And now, for our first batch of October books! These books all came into the world on the 6th, so the good news is, you can all read them immediately!
"Eventide is an evocative YA historical fantasy thriller by debut author Sarah Goodman, for fans of Jennifer Donnelly and Libba Bray.
MADNESS, SECRETS, AND LIES
Wheeler, Arkansas, 1907
When their father descends into madness after the death of their mother, Verity Pruitt and her little sister Lilah find themselves on an orphan train to rural Arkansas.
In Wheeler, eleven-year-old Lilah is quickly adopted, but seventeen-year-old Verity is not. Desperate to stay close to her sister, Verity indentures herself as a farmhand. But even charming farm boy Abel Atchley can’t completely distract her from the sense that something is not quite right in this little town. Strange local superstitions abound, especially about the eerie old well at the center of the forest. The woods play tricks, unleashing heavy fog and bone-chilling cold…and sometimes visions of things that aren’t there.
But for Verity, perhaps most unsettling of all is the revelation that her own parents have a scandalous history in this very town. And as she tries to unearth the past, sinister secrets come with it—secrets that someone will go to violent lengths to protect….
A haunting tale of long-buried secrets, small-town scandal, and single-minded vengeance by talented debut novelist Sarah Goodman."
I quite enjoyed Eventide for its atmosphere, mysteriousness, and focus on the importance of family (both blood and created). And it was mostly a win for me! So let’s break down all the things I enjoyed, and the one thing I kind of didn’t!
- The setting/time period was great! So few books seem to be set around the turn of the 20th century, or maybe I am just missing them, but either way I loved this one! It’s the dawn of the automobile, and technology in general is just starting to creep into everyday life. But it’s old enough to still have a very historical feel, one that I thought the author captured really well! Plus, being in small-town Arkansas puts an extra spin on it, because it felt (naturally) more isolated, and therefore made the atmosphere even more on point.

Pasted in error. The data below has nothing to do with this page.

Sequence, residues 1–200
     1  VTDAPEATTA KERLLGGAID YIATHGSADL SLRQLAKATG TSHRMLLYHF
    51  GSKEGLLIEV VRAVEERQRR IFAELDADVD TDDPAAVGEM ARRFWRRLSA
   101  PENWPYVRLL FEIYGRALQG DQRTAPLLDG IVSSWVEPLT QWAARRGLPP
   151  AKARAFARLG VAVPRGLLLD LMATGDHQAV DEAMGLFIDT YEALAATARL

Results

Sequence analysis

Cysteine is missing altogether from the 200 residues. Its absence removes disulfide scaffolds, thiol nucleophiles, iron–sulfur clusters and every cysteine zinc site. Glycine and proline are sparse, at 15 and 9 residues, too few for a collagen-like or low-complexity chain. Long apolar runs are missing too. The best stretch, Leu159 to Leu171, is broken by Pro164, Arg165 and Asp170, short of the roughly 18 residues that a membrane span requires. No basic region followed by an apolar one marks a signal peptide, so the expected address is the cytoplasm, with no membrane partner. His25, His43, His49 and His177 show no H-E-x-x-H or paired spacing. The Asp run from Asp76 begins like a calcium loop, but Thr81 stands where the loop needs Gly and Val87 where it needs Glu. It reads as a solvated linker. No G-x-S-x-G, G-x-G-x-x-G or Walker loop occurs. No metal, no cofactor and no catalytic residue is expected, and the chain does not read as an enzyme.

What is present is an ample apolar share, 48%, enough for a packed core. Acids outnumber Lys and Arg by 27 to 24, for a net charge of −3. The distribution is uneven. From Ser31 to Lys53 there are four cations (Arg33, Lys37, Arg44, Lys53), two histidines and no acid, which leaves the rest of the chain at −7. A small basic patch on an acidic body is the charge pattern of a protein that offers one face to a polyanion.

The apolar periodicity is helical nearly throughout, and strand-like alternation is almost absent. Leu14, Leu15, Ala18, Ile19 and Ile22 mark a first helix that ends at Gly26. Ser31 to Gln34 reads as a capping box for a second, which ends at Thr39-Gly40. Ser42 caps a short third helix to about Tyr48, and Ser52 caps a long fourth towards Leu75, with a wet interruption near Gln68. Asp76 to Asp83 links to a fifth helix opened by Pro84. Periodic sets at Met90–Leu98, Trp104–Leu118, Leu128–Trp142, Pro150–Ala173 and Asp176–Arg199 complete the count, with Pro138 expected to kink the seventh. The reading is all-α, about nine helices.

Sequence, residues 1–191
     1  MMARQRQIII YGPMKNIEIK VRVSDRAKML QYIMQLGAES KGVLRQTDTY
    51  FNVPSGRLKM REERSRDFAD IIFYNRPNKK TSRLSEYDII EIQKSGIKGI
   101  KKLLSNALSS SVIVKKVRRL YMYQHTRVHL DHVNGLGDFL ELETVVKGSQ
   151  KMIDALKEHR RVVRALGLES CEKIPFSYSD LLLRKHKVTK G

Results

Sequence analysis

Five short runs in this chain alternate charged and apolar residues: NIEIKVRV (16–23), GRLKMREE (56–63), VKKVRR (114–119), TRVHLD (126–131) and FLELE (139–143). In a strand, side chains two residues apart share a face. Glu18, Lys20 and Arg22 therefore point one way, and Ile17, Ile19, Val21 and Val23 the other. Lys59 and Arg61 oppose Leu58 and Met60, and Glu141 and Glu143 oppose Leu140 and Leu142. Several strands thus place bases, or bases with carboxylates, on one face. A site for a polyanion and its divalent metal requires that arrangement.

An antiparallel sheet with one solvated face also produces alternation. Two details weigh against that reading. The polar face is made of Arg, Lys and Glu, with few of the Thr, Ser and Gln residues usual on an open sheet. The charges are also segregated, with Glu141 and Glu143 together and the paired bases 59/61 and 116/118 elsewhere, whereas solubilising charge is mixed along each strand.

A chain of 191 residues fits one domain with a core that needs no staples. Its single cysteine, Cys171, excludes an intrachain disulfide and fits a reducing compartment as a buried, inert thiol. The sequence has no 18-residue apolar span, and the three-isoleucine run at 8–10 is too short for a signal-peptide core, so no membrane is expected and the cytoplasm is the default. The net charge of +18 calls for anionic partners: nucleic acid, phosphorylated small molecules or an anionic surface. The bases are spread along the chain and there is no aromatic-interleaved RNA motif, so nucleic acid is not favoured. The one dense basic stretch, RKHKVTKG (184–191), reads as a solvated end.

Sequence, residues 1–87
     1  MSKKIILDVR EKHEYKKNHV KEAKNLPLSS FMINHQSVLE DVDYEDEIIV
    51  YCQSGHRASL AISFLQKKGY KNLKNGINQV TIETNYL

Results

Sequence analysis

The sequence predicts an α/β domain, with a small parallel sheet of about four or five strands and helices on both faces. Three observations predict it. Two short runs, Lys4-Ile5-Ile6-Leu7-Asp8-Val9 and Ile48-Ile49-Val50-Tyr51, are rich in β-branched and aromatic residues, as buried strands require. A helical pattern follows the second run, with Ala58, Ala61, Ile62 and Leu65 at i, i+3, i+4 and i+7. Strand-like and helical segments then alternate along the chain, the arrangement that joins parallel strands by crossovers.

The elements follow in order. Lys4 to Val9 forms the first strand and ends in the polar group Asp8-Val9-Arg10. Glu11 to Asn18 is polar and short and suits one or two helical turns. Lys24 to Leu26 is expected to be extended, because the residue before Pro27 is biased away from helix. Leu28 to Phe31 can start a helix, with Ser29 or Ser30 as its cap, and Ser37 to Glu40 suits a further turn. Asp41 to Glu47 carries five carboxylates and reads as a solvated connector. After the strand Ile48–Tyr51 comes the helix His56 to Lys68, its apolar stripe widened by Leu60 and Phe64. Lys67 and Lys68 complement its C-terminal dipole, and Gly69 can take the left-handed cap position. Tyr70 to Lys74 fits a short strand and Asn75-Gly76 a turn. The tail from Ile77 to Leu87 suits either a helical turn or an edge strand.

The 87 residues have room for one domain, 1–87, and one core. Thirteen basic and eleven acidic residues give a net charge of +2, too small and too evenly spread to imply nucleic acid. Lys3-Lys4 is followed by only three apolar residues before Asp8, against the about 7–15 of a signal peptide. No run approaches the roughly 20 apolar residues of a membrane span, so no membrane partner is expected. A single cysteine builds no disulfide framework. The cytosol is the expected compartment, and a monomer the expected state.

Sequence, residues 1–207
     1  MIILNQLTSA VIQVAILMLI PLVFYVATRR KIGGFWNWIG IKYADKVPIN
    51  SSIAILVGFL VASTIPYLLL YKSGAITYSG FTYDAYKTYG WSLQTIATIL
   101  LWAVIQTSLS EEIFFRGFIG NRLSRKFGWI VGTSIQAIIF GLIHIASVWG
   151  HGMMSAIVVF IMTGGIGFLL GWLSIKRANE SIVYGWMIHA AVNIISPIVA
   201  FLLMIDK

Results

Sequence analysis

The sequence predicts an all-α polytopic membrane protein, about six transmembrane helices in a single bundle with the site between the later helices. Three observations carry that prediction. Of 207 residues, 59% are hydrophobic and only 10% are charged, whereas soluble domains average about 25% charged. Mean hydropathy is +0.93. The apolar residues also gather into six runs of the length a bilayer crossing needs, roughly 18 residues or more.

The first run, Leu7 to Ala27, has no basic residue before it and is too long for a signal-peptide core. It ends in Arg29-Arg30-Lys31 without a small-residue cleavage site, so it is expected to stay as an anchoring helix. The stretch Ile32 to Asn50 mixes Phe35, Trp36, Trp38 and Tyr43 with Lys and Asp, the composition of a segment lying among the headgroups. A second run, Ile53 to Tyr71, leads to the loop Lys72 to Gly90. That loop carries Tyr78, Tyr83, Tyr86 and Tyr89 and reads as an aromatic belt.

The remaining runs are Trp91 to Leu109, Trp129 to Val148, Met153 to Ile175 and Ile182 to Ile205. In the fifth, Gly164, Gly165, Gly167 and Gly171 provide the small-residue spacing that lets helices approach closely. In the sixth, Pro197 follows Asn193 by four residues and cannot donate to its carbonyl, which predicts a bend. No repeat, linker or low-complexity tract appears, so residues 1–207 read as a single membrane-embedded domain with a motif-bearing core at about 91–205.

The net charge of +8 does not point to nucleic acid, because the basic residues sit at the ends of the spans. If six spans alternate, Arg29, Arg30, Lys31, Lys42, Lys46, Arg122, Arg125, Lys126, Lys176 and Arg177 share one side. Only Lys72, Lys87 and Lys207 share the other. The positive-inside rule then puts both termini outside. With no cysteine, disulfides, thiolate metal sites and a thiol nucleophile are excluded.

- The family focus was wonderful. Ugh, I felt so bad for Verity. She’s lost her mother, her father has gone mad, and now she and her sister (the only family she has left, mind) are shipped off on an orphan train. Look, “orphan train” in general sounds awful, so we know she’s not in for a treat. But then they’re legit offered up like cattle and wow, no thank you. Verity ends up working for a couple on a farm (also I love them) while Lilah is adopted by the town teacher. But Verity isn’t willing to let Lilah go, and that is at the heart of the story.
- As it turns out though, even as Verity tries to find her way back to Lilah, she ends up making a family of her own along the way. I liked the message that it sent, that even if you are low on genetic family, you can choose people who will be there for you and love you just the same. Without giving too much away, it was just really great to me that there was hope for Verity to find her people again.
- There is definitely plenty of mystery throughout! We’ve got family secrets, personal secrets, some creepy stuff that isn’t explained, and basically lots of pieces of the puzzle to unravel, which kept me interested in the story throughout.
The One Issue I Had: